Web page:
M. Night Shyamalan, executive producer of FOX’s latest hit, WAYWARD PINES has sat down with theTVAddict.com to discuss what is behind the wall, where the characters will be going, and confirms if there will be a season two.
Last time when I talked to you, you talked about the decision to put the reveal early on of what’s going on. Even because of that, there’s still so much going on in the following episodes after that. Can you talk about keeping that pace going, and did it make it easier having only ten episodes as opposed to a longer run?
Shyamalan: There were a couple episodes that I just couldn’t get enough teeth in it that it felt like I was vamping for the more tentpole episodes. We talked to Fox, and Fox felt the same way. They said, “Well, what do you think about doing ten?” and I said, “That’s probably what this story wants to be at least the one that I’d outlined from Ethan waking up in the forest to the last episode.” I could see it very clearly as ten and how the architecture works with the fifth episode being letting everyone in, at least, on the big picture of what’s happening. For me, Episode 5 and 6 are the answers episodes. Then for me, post that, is the “Oh my God, how are we going to deal with what we know now?” There’s a specific thing I wanted to aim at in my head. I had it in my head that I wanted to get to this big moment that is basically in 9 and 10. I knew I wanted to aim there. For me, when I was pitching it to Fox, what the season looked like, I was like I wanted to get to this—and I’m avoiding saying what it is because I just don’t want to ruin it for you guys—but the format was critical. And I think that’s what’s so beautiful about doing television right now is you can fit the form to the subject and not the other way around which is a great benefit to storytellers.
Do you have a favorite kind of surprise moment or reveal—there’s a lot and there’s a couple big ones…
Shyamalan: Yes, let’s see. I did perversely enjoy when Juliette got it, although I loved her, too. I loved her as an actress. It was so sad because we were having such a great time and I was bumming about doing that to her, but the more that you love her the better it is. So that was probably the most perverse of them, but there’s one to come—that is the thing I’m referring to you—that for me is what the piece has been moving to and that happens in end of 8 into 9—in that area.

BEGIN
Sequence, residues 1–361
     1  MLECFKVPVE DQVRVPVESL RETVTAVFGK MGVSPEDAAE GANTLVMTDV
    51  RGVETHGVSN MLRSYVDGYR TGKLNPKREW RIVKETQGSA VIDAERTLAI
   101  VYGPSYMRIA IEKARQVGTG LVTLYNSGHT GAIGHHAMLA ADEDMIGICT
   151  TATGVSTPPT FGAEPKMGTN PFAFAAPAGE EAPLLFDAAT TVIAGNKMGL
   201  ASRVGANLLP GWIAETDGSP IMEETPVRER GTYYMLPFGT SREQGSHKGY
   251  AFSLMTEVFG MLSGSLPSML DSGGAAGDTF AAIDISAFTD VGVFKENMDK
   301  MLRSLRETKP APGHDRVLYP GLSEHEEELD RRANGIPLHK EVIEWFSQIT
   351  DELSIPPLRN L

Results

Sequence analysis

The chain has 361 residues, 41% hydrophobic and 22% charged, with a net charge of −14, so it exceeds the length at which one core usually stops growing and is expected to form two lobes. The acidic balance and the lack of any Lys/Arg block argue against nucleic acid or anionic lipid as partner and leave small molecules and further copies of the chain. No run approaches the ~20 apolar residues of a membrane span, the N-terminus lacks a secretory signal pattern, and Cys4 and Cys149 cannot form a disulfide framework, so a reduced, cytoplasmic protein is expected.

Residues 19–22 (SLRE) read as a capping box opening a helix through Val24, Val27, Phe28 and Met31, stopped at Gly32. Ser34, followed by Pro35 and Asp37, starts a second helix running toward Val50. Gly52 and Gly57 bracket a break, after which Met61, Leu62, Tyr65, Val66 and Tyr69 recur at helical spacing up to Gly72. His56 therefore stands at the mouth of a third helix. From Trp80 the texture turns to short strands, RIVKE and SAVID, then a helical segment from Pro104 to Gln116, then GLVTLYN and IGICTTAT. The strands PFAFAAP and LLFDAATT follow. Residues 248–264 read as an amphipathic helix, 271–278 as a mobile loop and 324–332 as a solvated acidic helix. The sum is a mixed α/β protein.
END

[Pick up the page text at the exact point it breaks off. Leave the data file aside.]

A lot of the episodes are directly in sync with the book. Do you plan on continuing that as the series goes on?
Shyamalan: It was an interesting process because Blake hadn’t actually written two. He was writing two while we were writing the season as well, so there was a lot of co-mingling of ideas and inspirations. It was super healthy on both sides in terms of suggesting, proffering ideas of which way the world could go. I think for both of us, for Blake and I, that the subject, it just is so rich and fraught with social ramifications and plot ramifications that we were just really excited about where everybody was going—the writers. I think Blake was inspired by some stuff, and we were really inspired by some stuff. But I think we mutually decided that after the big reveal we could just explore different aspects of it together. I know Blake has been super supportive about everything. There was some invention as we went, but I was hugely aiming at this one idea that happens in Episode 9-ish, that was important to me.
To follow up on that, have you read the reviews online or looked at fans reactions to the story?
Shyamalan: I don’t normally check all of that, but my office has been all over it and so excited. From what I understand, everything has exceeded my expectations. The audience reaction—there’s such an intense attachment to the show from those that are watching it and I hope those who are going to start watching it now after all this—because we keep, luckily for us, growing and as I understand it, that’s a very rare thing these days in television. I’m very proud of that—that the people that have watched it have recommended it so strongly that others are adding on each week. Our last episode was our strongest, and I assume last night was even stronger and it’ll keep on growing. That’s a really great feeling.